Viewing the Spanish Steps is free of charge as it is located in a public space. Crowds pour in around noon as you can see from the picture above.
One of the less touristy things to do in Rome would be to tour the Trastevere. The name Trastevere actually means “across the Tiber River”. The neighbourhood has over 3,000 years of history, where numerous cafes, bars and small stores lined the streets over the centuries.
Things to do at Trastevere would include sightseeing at Piazza Di Santa Maria for one of the oldest churches in Rome, climbing to the tip of Gianicolohill for views of Rome City & cafe hopping. In the evenings, Trastevere becomes a “party area” where the locals gather at bars to drink .
7. St. Peter’s Square (The Vatican City)
The list of things to do in Rome can’t be fulfilled without a visit to Vatican City – The seat of the Roman Catholic Church. As you step into Vatican city, the first sight to see is St. Peter’s Square. Designed by Bernini back in the 17th Century, this is a grand public space to hold vast numbers of people who would come here to see the pope.
This was where remarkable events in history had taken place. It was also where Martin Luther sparked the Protestant reformation in 1571 and the Catholic Church advanced with what is known as the Counter-Reformation. The piazza is central to understanding counter-reformation architecture.
At Vatican City, the main places of interest include the following: – St. Peter’s Square (Free entry) – St. Peter’s Basilica (Free entry) – Sistine Chapel (Paid Entrance) – Vatican Museums (Paid Entrance)
Budget Option: If you’re looking to save on expenses and do not want to book a guided tour, you can opt to buy your Vatican Museums and Sistine Chapel Ticket online. It comes with quick entry so you can skip-the-line. However, this option does not include skip-the-line tickets for St. Peter’s Basilica.
8. St. Peter’s Basilica
St. Peter’s Basilica is located just in front of St. Peter’s Square. It is one of the biggest religious buildings ever and the largest interior of any Christian church in the world. It has the volume to hold more than 60,000 people. The Basilica was named after St. Peter, one of the 12 apostles, and the first Bishop of Rome.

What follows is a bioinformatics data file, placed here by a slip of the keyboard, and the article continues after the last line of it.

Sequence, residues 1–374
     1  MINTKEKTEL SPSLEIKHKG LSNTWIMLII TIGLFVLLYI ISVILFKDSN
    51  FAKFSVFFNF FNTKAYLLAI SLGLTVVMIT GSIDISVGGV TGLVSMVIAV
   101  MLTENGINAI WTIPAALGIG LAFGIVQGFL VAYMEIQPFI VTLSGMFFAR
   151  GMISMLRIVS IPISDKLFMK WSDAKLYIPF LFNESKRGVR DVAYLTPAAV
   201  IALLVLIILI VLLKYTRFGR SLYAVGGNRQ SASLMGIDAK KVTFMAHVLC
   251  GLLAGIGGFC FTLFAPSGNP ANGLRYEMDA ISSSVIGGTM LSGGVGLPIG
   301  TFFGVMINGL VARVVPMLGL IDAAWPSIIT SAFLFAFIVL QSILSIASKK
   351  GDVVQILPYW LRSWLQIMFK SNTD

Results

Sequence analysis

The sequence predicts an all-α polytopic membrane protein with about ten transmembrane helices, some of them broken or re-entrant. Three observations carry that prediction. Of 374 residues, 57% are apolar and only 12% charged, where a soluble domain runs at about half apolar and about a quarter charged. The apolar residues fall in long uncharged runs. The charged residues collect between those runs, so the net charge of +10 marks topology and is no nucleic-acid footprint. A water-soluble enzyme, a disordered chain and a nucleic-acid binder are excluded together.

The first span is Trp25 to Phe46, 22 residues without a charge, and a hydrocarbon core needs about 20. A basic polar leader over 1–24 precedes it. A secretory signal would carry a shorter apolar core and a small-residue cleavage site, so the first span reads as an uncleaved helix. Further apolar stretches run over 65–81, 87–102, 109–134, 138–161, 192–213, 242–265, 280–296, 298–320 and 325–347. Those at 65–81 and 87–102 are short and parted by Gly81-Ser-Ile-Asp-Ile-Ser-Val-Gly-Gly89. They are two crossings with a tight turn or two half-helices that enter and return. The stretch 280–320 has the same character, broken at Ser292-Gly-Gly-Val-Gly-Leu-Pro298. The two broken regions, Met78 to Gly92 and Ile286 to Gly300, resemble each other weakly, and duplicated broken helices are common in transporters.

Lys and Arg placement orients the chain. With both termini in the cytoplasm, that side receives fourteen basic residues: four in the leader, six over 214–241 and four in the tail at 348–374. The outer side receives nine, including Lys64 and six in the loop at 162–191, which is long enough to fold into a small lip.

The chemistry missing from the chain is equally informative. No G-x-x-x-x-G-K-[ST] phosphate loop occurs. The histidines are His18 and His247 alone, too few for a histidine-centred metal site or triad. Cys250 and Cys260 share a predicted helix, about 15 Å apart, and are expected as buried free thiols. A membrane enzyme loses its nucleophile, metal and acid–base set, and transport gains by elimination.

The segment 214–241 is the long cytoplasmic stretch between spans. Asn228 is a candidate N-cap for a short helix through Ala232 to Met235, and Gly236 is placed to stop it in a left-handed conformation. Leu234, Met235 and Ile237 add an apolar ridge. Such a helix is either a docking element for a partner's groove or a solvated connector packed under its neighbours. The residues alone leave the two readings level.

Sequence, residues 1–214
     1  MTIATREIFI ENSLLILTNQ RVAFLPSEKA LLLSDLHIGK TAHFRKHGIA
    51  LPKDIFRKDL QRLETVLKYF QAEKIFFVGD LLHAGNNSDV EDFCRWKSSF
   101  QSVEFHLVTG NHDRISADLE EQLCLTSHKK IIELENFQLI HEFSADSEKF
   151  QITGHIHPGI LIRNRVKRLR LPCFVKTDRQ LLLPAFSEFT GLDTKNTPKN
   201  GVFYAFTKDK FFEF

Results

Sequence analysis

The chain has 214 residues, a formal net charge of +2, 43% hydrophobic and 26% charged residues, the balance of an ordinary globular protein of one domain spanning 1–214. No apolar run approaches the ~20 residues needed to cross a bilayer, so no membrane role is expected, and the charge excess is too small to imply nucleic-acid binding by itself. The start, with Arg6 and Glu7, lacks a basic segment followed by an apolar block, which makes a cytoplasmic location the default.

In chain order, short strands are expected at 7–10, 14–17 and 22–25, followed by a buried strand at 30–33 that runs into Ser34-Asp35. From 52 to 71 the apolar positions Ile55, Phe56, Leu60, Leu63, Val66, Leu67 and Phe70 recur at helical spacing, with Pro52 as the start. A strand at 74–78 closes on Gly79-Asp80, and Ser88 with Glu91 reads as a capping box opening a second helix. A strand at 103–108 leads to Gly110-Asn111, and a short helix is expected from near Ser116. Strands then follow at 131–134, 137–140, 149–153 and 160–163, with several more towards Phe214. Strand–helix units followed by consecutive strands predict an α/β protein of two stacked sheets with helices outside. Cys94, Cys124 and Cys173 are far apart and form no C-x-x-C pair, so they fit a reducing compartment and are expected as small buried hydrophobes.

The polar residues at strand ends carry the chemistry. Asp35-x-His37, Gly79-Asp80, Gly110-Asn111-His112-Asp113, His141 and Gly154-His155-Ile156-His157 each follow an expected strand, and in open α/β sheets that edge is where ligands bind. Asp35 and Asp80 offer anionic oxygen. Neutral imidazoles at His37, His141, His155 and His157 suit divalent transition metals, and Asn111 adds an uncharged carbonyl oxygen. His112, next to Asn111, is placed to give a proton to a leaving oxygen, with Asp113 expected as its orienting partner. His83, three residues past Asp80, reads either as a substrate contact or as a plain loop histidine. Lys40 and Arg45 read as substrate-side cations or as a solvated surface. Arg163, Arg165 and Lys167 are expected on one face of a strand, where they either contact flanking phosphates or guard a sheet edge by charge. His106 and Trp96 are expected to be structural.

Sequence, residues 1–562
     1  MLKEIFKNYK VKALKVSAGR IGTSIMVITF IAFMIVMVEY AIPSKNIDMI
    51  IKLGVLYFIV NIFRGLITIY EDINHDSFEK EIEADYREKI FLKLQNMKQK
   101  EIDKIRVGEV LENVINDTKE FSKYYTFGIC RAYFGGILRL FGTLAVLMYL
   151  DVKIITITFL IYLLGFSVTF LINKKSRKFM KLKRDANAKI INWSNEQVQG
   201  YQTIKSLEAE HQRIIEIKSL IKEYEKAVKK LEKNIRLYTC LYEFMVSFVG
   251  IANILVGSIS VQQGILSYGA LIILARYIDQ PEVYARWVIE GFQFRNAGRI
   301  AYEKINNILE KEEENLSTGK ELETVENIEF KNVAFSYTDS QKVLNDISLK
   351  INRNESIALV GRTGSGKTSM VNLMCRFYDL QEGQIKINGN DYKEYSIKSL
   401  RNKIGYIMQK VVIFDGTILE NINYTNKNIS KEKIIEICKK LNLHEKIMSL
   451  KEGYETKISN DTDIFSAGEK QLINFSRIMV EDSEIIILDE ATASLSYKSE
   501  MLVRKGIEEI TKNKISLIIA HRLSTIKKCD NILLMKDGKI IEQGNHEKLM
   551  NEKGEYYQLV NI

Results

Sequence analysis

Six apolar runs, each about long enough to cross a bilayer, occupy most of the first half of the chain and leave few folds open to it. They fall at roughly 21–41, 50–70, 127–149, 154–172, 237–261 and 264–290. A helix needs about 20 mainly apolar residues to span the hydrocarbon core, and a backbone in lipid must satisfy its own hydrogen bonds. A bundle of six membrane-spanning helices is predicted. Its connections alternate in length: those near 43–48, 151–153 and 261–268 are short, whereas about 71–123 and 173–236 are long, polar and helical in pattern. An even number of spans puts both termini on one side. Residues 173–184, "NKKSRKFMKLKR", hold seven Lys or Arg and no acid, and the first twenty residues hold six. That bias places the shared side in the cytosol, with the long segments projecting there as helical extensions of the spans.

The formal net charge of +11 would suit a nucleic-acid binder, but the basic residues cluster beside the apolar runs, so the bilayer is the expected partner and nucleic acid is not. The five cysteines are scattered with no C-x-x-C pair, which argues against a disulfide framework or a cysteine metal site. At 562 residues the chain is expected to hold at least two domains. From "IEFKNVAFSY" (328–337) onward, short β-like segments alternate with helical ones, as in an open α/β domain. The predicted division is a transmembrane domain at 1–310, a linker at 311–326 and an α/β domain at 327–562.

Visiting St. Peter’s Basilica
The entry into the church is free if you do not mind queuing. Do note that you will also need to dress modestly to enter it. If you do not want to book a tour, the best time to visit the church would be at 7am (or earlier), which is their opening time. Here is a FOC audio guide to discover more about the church.
9. Sistine Chapel
The Sistine Chapel is another key activity of the things to do in Rome. It is the most prominent Chapel in the world and is also a personal Chapel for the Pope. In 1508, Pope Julius II asked Michelangelo to re-paint the ceiling of the Chapel. Completed in 1512, the ceiling became one of the most extravagant pieces of art ever painted in history.
Large numbers of tourists visit the Chapel each day to admire Michelangelo’s masterpiece. You’d strain your neck if you look for too long, but you can try to observe how 3D-like the paintings are. It was truly awe-inspiring.
*Note that photo-taking is banned inside the chapel. There are security guards around to ensure that you do not take out any cameras. However, the reason being is that flash photography will harm the paintings. If you want to sneak and take a picture, check that your camera flash has been switched off.
You will not need to wait in line to enter the Sistine Chapel. The queue starts at the entrance of the Vatican Museums as they are attached to each other.
10. The Vatican Museums
The Vatican Museums displays collections that were built up by the Popes over the centuries, including some of the most renowned classical works and most important compositions of renaissance art in the world. The Vatican Museums holds a massive number of 54 galleries.
Being one of the most sizable museums in the world, a guided tour takes about 3 hours to complete (inclusive of the Sistine Chapel). Even if you do not go by a guided tour, the standard stay is at least 2 hours to walk through the entire area.
11. Altar of the Fatherland
The Altar of the Fatherland was built as a monument for the first King of unified Italy, Victor Emmanuel II. The national monument is one of the city’s most impressive attractions, complete with intricate engravings, impressive statuary, and beautiful art. Corinthian columns, wide staircases and a statue of Victor Emmanuel II upon his horse are all on display.